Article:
With her husband, Hodding Carter, Betty Werlein Carter published the Delta Democrat-Times in Greenville, Mississippi. It was a courageous paper that outspokenly promoted civil rights and other "New South" liberal issues in an "Old South" conservative state. Earlier, in Hodding's hometown of Hammond, Louisiana, they published the Hammond Daily Courier, which stood up against the political machine of Huey Long. Through all of this, Betty Carter raised her family of three sons and played an active role in the family's newspapers. Although rarely a writer, she was involved in many aspects of the papers' development, management, and survival, and she was always a link with the community.
Born in New Orleans in 1910, Betty Werlein was raised in a socially prominent family. Werlein's music store—the original publisher of "Dixie"—occupied a prominent place on Canal Street and was a leader of the business community. Her father, Philip Werlein, died when she was young and her mother, Elizabeth, raised the four children, and was "a frightfully important person" in Betty's life. Her mother was also active in the community and a leading preservationist in the French Quarter. Betty Werlein attended private school in New Orleans and graduated from Sophie Newcomb College, the woman's college of Tulane.
On October 14, 1931 she married [William] Hodding Carter Jr. from Tangipahoa Parish, fifty miles north of New Orleans. They first went to Jackson, Mississippi, where he was an Associated Press reporter covering the Mississippi legislature. Then in 1932, at "the bottom of the Depression," they founded the Hammond Daily Courier, with Betty as business manager and Hodding as editor/publisher. The paper took strong editorial stands against corruption and abuse of power in Huey Long's Louisiana state government, causing them at times to fear for their safety. When Long was assassinated, Betty's first thought was that Hodding might have done the deed.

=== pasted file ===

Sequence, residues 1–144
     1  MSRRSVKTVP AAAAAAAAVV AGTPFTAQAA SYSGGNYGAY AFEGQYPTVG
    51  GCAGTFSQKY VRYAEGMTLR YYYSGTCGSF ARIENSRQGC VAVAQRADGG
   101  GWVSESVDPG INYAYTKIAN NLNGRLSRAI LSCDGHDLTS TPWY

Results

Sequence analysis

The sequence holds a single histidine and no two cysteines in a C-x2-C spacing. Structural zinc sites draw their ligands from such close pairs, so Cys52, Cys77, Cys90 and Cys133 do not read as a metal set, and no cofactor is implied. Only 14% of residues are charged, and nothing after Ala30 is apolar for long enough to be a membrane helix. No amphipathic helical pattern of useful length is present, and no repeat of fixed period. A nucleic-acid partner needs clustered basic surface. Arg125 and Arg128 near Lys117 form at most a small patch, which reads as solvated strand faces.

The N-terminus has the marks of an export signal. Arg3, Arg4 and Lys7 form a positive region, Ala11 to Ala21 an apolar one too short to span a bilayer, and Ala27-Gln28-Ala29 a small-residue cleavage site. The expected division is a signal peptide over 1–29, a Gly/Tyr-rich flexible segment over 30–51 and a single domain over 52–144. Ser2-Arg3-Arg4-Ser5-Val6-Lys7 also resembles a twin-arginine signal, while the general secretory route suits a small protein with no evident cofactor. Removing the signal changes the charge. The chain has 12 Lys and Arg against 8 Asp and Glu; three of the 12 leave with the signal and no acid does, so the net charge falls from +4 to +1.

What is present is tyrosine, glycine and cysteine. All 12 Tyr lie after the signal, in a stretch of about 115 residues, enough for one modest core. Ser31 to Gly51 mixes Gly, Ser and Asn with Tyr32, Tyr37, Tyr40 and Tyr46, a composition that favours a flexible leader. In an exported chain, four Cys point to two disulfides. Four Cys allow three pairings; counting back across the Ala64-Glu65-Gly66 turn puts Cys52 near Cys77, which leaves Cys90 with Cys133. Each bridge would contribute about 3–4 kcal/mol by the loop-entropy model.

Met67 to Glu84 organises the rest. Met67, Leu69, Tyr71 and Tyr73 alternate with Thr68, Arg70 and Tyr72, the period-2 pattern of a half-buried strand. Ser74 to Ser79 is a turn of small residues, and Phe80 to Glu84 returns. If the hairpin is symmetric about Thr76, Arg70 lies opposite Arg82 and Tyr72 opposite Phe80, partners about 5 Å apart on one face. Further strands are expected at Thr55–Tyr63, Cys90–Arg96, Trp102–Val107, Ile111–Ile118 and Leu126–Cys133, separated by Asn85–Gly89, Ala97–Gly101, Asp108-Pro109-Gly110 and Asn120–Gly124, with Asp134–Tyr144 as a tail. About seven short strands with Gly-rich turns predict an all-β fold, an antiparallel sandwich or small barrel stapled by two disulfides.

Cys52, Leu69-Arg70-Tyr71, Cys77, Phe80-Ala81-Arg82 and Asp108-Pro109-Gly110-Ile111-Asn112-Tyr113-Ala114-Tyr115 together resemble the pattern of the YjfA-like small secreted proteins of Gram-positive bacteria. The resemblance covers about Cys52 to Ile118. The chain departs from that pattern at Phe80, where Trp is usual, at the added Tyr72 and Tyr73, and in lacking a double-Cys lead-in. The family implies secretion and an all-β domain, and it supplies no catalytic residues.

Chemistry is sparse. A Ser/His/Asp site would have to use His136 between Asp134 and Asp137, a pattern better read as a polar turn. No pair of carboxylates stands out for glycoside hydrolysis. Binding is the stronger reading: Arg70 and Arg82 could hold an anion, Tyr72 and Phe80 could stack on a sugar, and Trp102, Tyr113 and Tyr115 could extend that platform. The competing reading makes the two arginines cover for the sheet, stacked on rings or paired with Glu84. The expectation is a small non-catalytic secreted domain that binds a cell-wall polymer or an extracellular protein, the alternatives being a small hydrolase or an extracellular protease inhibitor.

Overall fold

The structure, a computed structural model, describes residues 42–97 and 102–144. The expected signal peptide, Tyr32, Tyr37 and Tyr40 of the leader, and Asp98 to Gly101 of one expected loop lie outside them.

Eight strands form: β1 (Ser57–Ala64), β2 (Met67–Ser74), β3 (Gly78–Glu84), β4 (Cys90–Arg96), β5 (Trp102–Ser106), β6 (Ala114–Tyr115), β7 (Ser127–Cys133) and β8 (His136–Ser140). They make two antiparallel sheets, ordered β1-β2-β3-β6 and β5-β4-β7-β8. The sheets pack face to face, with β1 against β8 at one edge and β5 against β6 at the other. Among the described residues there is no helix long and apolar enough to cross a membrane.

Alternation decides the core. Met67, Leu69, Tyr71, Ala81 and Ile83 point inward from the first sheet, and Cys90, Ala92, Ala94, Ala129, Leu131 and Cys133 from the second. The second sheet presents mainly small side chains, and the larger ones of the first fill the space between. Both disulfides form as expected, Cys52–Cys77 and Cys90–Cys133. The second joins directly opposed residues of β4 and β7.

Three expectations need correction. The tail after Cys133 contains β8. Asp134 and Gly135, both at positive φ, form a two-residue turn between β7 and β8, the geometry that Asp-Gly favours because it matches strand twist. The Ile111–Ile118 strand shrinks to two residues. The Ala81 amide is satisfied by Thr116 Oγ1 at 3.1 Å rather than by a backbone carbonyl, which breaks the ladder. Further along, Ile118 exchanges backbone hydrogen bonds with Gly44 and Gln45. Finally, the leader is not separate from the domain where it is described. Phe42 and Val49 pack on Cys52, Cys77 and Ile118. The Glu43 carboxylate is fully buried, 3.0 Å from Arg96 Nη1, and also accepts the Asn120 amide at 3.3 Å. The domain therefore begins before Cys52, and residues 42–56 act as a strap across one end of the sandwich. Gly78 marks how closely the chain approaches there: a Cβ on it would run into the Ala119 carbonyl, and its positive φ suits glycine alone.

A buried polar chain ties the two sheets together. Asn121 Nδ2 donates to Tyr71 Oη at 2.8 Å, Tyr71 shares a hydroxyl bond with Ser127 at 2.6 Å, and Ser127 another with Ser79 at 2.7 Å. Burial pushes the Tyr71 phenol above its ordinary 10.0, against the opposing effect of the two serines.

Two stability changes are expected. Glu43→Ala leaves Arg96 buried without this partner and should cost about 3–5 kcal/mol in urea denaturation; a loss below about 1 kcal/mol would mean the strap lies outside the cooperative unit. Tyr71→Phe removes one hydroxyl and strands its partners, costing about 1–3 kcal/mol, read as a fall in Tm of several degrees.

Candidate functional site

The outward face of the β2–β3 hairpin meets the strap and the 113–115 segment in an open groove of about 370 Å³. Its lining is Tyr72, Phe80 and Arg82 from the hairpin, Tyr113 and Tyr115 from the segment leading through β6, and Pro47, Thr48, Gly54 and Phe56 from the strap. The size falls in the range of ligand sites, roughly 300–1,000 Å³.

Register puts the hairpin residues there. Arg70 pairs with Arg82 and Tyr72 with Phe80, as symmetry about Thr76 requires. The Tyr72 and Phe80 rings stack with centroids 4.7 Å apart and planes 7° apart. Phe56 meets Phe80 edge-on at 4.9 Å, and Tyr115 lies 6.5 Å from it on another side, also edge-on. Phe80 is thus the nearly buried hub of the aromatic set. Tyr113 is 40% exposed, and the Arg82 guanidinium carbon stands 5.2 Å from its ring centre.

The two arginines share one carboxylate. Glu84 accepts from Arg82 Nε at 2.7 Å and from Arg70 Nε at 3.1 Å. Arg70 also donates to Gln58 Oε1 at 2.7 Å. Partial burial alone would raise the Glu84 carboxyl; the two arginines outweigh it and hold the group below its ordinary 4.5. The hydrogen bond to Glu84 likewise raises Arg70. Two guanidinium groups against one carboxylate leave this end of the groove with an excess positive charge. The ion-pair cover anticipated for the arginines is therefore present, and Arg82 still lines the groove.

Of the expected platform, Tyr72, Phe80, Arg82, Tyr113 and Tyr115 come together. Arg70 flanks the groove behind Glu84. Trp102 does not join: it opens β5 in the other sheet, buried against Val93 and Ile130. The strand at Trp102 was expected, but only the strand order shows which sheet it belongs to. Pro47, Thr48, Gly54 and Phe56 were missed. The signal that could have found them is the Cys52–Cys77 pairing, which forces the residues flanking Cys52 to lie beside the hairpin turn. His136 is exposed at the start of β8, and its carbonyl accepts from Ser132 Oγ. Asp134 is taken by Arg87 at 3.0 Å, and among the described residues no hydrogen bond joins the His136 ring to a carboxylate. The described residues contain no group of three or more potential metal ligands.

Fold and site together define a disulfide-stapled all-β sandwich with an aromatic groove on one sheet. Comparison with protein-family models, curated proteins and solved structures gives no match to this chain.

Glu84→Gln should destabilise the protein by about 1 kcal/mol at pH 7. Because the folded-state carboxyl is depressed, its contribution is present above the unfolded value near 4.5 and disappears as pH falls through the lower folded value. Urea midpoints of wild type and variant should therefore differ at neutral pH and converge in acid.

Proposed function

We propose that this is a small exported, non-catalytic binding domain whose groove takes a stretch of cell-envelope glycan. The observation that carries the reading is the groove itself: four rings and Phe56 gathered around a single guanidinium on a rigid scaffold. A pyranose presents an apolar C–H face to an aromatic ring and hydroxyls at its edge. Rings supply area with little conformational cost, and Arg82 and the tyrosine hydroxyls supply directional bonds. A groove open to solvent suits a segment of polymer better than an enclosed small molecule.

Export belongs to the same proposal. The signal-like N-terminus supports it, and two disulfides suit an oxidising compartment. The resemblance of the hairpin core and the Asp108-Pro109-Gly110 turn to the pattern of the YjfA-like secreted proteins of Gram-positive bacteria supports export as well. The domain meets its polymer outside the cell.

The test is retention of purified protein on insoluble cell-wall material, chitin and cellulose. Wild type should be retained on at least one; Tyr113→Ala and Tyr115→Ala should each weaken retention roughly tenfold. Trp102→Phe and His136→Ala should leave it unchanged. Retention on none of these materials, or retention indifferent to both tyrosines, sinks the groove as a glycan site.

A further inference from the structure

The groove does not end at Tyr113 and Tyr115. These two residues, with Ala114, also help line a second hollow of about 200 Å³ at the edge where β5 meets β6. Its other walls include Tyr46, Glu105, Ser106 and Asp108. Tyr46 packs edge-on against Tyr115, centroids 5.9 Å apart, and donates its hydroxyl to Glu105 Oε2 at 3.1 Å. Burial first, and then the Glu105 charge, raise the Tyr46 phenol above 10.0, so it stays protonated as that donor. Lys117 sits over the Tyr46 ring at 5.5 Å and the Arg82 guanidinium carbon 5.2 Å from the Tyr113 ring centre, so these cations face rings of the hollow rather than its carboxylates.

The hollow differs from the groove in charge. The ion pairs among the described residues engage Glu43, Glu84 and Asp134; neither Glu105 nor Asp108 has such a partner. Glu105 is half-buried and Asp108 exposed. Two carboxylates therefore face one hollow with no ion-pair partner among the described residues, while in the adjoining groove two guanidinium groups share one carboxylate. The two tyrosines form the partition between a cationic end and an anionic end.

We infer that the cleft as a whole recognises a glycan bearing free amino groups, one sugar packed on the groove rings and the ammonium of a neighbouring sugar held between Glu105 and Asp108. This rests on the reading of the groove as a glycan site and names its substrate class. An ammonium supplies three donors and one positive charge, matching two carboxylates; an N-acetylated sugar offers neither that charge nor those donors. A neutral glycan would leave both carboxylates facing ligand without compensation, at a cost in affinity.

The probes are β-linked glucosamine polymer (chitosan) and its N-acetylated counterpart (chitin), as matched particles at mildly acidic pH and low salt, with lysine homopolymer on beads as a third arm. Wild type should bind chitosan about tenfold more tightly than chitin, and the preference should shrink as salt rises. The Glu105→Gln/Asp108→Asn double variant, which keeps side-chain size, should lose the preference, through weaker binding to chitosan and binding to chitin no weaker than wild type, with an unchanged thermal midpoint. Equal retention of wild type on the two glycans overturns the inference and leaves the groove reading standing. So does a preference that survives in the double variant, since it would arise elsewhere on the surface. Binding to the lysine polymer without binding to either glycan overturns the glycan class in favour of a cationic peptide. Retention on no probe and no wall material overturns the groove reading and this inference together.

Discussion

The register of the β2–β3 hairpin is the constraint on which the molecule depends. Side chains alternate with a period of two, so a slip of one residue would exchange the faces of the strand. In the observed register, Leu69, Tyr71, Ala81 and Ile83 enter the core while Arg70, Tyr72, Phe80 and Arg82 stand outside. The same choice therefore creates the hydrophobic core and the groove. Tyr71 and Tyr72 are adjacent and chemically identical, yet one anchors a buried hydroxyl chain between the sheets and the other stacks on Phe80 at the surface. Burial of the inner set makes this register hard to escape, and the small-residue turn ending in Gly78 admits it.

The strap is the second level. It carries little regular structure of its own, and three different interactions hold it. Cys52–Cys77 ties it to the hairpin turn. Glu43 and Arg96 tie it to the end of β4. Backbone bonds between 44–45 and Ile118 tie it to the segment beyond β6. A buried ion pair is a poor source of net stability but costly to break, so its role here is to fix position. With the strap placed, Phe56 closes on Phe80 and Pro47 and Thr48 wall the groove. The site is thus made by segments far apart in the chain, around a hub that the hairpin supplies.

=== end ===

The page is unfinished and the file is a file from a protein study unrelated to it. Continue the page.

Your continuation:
In 1936 they moved to Greenville, Mississippi, where they started the Delta Star. Greenville's other paper was the conservative Democrat-Times. In 1938 they purchased the rival paper and merged the two into the Delta Democrat-Times. Betty recalled writing only one editorial, but instead devoted her attentions to the paper's management and community outreach. During the Second World War they moved to Washington, where Hodding joined the army and Betty worked for the Office of War Information. They returned to Greenville, where in 1946 Hodding won the Pulitzer and gained national attention for editorial writing. In 1953 he published Where Main Street Meets the River [New York: Reinhart & Company], a personal account of their lives and newspaper careers together. During these years, Betty conducted much of the research for Hodding's many writings. She also devoted her attentions to better education and equal rights for all people in Mississippi.
As Hodding Carter's eyesight failed and health declined, Betty took over more of the paper's management. Hodding Carter died in 1972. Their son Hodding III served as editor and publisher of the Delta Democrat-Times until he went to Washington as Assistant Secretary of State for Public Affairs in Jimmy Carter's administration. His younger brother Philip then became the paper's editor and publisher, but he was torn between his interests in Greenville and in New Orleans, where he published the Vieux Carré Courier. Even after the Carter family sold the Delta Democrat-Times, Betty Carter continued to spend much of each year in Greenville, devoting her time and energies to the community.
© 1992, Washington Press Club Foundation.
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